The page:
Kokopelli, distinguished by his hunch-back, dancing pose, and flute, is the only anthropomorphic petroglyph to have a name, an identity, and an established gender. His name may have been derived from the Zuni name for god (“Koko”) and the Indian name for the Dessert Robber Fly (“pelli”). His association with the Desert Robber Fly may stem from the fact that this insect too, has a hump on his back and a prominent proboscis.
Kokopelli is known by other names, as well. To the Hopi, he is known as “Kokopilau” – meaning “wood hump”. To others, he is known as Kokopele, Kokopetiyot, and Olowlowishkya. He also bears a nickname – “Casanova of the Cliff Dwellers”, a tribute to his image and legend. Kokopelli’’s lesser known female counterpart is known as “Kokopelli Mana”.
Kokopelli’s image varies as much as the legends about him, but he is generally depicted as a hunch-back flute player in a dancing pose with a festive crest on his head, and sometimes exhibiting male genitalia of exaggerated size. Images painted on ceramics ten centuries ago by the Hohokam (Arizona Pueblo) have become the prototype for modern representations.
Kokopelli’s hump is sometimes represented as an arc which covers his entire back. Other times, it covers only the lower half of his back. His arms are usually represented as a “V” shape with his elbows pointing down toward the Earth. His forward leg is usually represented as a continuation of the curved line which outlines his hump. Likewise, his rear leg is usually represented as a continuation of the front line of his body. The flute, which is actually a nose flute, is usually represented as a straight line, or pair of straight lines. Sometimes, however, it is curved. Often, it has a bulbous end – like the end of a clarinet. An even number of crest elements are usually found on Kokopelli’s head. In Pueblo culture, the festive crest represents the paired antennae of the katydid (grasshopper), with which he is sometimes associated. When being represented in the “Spirit World”, he appears with feathers on his head. In other depictions, the crest on his head represents rays of light.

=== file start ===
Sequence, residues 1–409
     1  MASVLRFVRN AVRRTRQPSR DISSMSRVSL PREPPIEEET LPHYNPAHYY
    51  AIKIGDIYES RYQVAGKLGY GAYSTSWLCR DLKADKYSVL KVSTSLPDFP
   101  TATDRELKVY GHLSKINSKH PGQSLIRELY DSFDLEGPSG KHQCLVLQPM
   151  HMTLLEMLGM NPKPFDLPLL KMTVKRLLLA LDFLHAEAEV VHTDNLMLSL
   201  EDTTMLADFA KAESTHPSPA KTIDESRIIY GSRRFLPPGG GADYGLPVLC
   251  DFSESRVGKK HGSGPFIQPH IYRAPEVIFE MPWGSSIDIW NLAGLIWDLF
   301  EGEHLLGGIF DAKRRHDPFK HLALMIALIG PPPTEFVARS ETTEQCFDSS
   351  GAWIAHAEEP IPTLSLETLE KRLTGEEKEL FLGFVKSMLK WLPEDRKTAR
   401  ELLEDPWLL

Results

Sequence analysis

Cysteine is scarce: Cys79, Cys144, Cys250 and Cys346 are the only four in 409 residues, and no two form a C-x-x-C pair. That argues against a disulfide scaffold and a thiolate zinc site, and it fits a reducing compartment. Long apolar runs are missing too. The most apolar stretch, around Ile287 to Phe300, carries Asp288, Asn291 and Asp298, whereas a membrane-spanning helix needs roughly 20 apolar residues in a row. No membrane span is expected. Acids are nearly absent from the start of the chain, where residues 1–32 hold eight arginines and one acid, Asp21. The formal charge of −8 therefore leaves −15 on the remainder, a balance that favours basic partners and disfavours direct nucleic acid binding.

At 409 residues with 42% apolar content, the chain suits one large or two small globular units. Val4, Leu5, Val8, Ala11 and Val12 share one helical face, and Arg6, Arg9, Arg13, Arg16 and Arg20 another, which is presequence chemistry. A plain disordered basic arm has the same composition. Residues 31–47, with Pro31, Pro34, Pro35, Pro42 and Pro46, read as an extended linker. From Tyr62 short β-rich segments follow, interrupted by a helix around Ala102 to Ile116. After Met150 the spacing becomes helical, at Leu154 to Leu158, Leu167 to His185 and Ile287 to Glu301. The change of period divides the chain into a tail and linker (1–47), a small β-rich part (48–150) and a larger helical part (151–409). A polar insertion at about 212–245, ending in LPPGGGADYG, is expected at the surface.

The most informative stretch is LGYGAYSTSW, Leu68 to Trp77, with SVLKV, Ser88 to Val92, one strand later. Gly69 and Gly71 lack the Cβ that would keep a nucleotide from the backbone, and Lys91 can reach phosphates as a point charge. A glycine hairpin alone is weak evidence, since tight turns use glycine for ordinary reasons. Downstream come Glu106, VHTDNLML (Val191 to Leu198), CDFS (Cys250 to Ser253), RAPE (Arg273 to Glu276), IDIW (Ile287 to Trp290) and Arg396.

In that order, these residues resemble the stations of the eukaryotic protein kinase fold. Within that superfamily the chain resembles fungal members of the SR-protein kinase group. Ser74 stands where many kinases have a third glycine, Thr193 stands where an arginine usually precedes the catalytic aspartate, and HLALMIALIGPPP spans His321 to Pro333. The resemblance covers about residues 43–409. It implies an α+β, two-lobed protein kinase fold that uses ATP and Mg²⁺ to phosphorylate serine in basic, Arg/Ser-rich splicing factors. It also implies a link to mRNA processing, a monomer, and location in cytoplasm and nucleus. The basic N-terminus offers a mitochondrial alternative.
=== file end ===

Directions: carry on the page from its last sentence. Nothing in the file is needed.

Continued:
When present, Kokopelli’s phallus is unusually long and erect, symbolizing the fertile seeds of human reproduction. It usually projects upward from the lower body and is sometimes only represented as a single line or arrow. His phallus is clearly depicted in a thousand year old bowl displayed at Mesa Verde National Park. It is thought that Kokopelli’s image was “cleaned up” over the years (his phallus depicted less often) due, in part, to the influence of Catholic priests who worked hard to Christianize the natives of the American Southwest. In the modern genre, Kokopelli often wears a kilt and a sash.
Contemporary artists who have playfully portrayed Kokopelli as a skier, scuba diver, golfer, and rock star can be found, for sure. But there is no documentation to support the historical accuracy of any of these representations, except perhaps, his portrayal as a rock star. He certainly appears on many rocks in the Southwest!
The legend of Kokopelli is wonderfully rich and entertaining. Though, his origin as a deity and the evolution of his role in Southwestern Indian culture is difficult, if not impossible, to reconstruct. Evidenced by a huge number of ancient artifacts, it is clear that Kokopelli was important to many Native American tribes. He is especially prominent in the ancient Anasazi culture of the “Four Corners” area (Colorado, Arizona, New Mexico, and Utah). Some have compared his importance to the Southwestern Indians to that of Abraham to the Jews and that of Paul to the Christians.